Yahoo Inc is close to clinching a deal to bring its online search service to customers of the mobile phone operator Orange.
The deal would be a significant victory for the US search engine and online portal as it battles for space on the mobile Web against its bitter rival, Google Inc.
Yahoo already has a deal with the mobile phone operator 3, but has been working to get its service adopted by other networks.
As networks get faster, and the screens on mobile phones become sharper -- allowing pared-down Web pages to be viewed -- major Internet players are realizing that the next battleground for customers will be on mobile handsets.
There are already more than twice as many mobile phones in the world as there are computers, and the rate of mobile adoption, especially in the developing world, far outstrips the pace of PC sales. Many of the leading dotcom players already have standalone mobile-accessible portals and services.
Yahoo, for instance, already has a mobile version of its portal up and running in the UK. But the networks themselves can play a key role in driving traffic. The key is the power they have as the first point of contact when mobile users go online on their phone. In the lucrative world of paid-for search advertising, dominated by Google and Yahoo, this traffic can easily be monetized.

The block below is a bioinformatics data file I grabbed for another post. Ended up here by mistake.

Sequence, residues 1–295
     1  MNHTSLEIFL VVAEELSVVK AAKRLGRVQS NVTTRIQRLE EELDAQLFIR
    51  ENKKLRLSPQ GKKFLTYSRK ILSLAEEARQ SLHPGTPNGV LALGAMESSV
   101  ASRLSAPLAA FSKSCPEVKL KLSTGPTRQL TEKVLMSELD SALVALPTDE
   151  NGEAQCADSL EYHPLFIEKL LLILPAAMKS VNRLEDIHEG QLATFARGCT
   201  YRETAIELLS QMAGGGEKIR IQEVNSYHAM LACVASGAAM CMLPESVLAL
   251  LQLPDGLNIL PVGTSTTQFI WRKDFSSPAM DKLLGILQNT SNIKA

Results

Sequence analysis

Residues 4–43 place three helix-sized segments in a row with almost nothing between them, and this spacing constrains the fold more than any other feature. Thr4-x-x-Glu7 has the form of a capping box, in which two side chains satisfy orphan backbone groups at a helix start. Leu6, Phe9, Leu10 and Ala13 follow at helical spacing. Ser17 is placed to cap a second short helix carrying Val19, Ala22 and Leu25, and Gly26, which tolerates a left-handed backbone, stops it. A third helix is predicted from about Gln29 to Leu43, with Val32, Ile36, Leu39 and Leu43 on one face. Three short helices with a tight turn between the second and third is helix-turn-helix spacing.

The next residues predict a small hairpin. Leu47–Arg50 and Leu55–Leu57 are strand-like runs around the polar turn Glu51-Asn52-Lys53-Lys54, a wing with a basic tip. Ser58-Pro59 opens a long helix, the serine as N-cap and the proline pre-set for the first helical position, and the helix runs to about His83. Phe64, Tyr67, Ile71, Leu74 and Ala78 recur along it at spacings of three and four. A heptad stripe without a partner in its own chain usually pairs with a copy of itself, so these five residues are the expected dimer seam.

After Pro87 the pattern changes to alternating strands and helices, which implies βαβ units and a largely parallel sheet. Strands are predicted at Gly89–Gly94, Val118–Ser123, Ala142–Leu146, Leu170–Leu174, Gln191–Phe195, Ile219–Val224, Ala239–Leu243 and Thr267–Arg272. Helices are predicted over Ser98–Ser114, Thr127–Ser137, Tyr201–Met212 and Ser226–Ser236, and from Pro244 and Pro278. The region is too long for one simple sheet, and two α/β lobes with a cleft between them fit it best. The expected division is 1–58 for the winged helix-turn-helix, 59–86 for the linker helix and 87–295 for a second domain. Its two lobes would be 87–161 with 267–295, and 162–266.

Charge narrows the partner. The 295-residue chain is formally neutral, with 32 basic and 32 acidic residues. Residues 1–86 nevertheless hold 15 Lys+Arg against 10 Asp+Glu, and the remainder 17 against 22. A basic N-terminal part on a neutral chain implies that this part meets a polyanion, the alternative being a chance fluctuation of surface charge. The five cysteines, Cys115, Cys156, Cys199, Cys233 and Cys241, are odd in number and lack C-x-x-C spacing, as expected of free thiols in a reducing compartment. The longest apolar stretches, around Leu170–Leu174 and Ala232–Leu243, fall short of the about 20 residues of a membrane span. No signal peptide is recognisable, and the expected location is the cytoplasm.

Working directly with a mobile operator also opens up the possibility of tailoring searches to a person's location, something that has long been seen as the holy grail of the mobile Web.
Google has already snapped up T-Mobile as a customer, and users of its popular Web 'n' Walk service -- which allows customers to browse the Internet and gives easy access to personal e-mail via mobiles -- are directed straight to Google's home page when they click on the service's icon on their phone. Google has also signed up with Vodafone but the two partners have yet to announce a product.
Some in the online industry had feared that Google would dominate the sector. But in June, 3 -- owned by the Hong Kong-based conglomerate Hutchison Whampoa -- signed up with Yahoo to offer a range of services over mobile devices including searches, Yahoo Messenger and e-mail.